Gold is an African American Jewish comedian currently on tour with three other Jewish comics in a show called You’re Funny But You Don’t Look Jewish, but takes time to host this monthly storytelling event, described on its website as “unvarnished and funny looks at incendiary topics.”

La Pena seems an unlikely venue in some ways for a storytelling event. The café was still serving food, and, in fact, some of the audience members were duly holding their order numbers so the servers could find them in the crowd. And because there were no tables there in order to make room for more seats, people were eating from plates in their laps and trying to find places to tuck away their dishes under chairs when they’d finished eating.

When I’d learned that TMI would be at La Pena, I pictured it in the larger, separate space that is next to the eating area, but apparently they were screening an anti-Israel film there while we were listening to stories of love gone wrong. At one point, one of the other members of You’re Funny but You Don’t Look Jewish had us yell a cheerful Shalom, hoping the audience on the other side of the wall could hear us. (I hope they had a sense of humor.)

The evening’s stories were honest and raw and funny with occasional detours to more serious territory, but they all connected to love, dating, or sex.

Some presenters were more professional than others, but I got the feeling that it’s supposed to be a mix of veterans and up-and-comers who are still learning the ropes, which was okay with me. (Although someone should have clued in the young man who mumbles how to use the microphone. I don’t think I was the only one in the back who missed many of his quick one-liners.)

choco penis

How often do I get the chance to use the image of a chocolate penis?

Because the raffle prizes were donated by a sex gear shop, there was extended discussion on each of the items, which included candy nipples, lubricant, and a chocolate penis. (When we awaited the number to be called for the lube, the elderly man sitting next to me quietly offered to give me the lube if he won it, saying that he didn’t use it.) Gold learned that one of the lube’s ingredients was algae and wondered aloud how someone figured that out. Did someone insert algae directly into a vagina to see if it worked? She also wanted to know why the store called its items sex gear rather than sex toys, to which the owner answered that some of her inventory was more in the adaptive category to enable people of all sizes to have pleasure. Gold pressed further—what kind of adaptations was she talking about? Apparently ramps play a prominent role. Of course, references to algae and ramps continued throughout the rest of the show as a huge inside joke.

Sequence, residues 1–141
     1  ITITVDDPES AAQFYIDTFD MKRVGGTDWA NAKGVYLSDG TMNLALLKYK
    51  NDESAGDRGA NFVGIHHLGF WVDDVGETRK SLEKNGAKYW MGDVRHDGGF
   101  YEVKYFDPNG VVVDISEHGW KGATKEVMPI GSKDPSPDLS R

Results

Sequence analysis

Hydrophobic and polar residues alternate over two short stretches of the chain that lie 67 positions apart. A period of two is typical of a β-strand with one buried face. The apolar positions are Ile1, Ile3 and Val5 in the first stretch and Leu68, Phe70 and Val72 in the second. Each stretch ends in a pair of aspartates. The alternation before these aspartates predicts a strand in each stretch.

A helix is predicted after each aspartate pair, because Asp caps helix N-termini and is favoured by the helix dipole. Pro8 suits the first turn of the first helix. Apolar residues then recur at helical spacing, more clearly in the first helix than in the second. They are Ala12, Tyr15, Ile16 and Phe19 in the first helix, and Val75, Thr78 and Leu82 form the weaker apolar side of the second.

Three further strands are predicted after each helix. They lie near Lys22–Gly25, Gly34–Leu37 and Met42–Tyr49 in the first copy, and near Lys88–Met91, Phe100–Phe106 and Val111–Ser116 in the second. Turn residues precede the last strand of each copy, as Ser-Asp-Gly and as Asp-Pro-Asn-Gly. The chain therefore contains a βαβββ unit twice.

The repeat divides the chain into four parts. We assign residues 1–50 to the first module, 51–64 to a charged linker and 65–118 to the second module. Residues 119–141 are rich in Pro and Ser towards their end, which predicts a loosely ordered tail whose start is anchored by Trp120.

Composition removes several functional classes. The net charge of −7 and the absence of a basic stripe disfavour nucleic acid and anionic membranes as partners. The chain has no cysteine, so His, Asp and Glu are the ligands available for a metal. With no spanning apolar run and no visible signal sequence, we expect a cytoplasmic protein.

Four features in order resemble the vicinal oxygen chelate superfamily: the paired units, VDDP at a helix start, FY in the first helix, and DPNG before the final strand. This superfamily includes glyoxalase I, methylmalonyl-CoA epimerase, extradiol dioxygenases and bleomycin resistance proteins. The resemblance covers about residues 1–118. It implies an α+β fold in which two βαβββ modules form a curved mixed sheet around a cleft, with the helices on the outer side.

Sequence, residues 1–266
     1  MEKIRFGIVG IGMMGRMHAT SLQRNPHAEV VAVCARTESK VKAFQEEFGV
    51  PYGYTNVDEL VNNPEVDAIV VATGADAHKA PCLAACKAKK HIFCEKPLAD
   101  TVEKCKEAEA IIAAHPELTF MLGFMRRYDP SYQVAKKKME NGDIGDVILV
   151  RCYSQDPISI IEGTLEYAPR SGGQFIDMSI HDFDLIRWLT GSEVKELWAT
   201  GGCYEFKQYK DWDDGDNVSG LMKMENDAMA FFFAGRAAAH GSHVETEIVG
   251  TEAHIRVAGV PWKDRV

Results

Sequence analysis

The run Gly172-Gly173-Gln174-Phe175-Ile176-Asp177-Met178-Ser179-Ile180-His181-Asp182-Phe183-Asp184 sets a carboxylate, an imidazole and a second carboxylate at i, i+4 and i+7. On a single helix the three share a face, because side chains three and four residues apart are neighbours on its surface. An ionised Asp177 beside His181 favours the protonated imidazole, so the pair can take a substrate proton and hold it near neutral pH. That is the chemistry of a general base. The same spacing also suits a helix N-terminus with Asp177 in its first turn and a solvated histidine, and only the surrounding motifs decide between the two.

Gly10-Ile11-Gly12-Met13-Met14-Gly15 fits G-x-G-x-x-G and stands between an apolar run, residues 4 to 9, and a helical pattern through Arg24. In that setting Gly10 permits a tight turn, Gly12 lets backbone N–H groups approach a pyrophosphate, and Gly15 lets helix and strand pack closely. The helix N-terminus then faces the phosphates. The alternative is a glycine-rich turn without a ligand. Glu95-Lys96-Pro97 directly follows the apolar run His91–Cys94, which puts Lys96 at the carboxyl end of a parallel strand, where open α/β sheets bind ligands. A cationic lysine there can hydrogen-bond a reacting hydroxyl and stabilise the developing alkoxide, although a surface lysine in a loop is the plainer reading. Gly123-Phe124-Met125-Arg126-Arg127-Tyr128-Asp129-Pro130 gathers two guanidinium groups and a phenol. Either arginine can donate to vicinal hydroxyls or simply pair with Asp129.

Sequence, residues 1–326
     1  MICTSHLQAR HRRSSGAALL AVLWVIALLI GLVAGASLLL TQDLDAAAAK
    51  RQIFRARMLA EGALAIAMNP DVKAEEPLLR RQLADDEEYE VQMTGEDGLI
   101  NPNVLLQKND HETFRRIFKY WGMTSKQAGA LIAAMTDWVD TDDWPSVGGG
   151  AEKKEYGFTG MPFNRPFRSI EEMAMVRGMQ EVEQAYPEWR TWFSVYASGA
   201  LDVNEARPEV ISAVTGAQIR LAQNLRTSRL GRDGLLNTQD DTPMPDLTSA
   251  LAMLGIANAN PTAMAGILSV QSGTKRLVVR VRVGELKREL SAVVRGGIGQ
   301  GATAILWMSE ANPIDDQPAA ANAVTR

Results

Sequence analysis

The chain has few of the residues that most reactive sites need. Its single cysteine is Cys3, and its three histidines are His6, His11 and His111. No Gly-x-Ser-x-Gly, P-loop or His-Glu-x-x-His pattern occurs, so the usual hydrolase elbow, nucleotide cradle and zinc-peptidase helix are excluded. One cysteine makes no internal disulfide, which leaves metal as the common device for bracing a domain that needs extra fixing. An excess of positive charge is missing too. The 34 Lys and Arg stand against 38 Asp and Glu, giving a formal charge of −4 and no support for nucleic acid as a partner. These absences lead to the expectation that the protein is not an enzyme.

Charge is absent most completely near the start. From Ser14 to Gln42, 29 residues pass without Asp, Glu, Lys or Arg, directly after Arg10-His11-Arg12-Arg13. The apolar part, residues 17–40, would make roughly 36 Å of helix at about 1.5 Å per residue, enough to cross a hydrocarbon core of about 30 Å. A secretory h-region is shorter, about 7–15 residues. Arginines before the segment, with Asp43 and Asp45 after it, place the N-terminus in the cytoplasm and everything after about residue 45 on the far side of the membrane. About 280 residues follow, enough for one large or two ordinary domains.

Gold is one of those naturally funny people who can make just about any situation humorous and it seems very extemporaneous. At one point, she walked onstage, looked down at her cleavage in a pleased and almost surprised way, and remarked that her breasts were looking quite ample in the dress she was wearing, to which we all applauded.

Next month TMI moves to a space with a full bar in Oakland at 3000 Broadway, and the theme is Sex in the City. There may be more opportunities to discuss algae and ramps…

 

Another Oscar Night come and gone

24 Feb

Gold Trophy

Well, I did not see as many Oscar-nominated movies as I’d hoped, but I did see 18 of the movies that were up for awards last night, including all of those that were up for best picture and any for acting.  I saw most of those up for writing awards but only one of the foreign films and one documentary. Luckily, I will still be able to see many of those on Netflix in the coming months.

My predictions weren’t too bad—I got 10 out of 24, but I missed a few of the big ones. I thought Boyhood deserved best picture, but I certainly think that Birdman was worthy.

I’m very happy that Julianne Moore and J.K. Simmons both won for their performances. And I’m glad that Birdman took home the award for best original screenplay and that The Imitation Game won best adapted screenplay. graham moore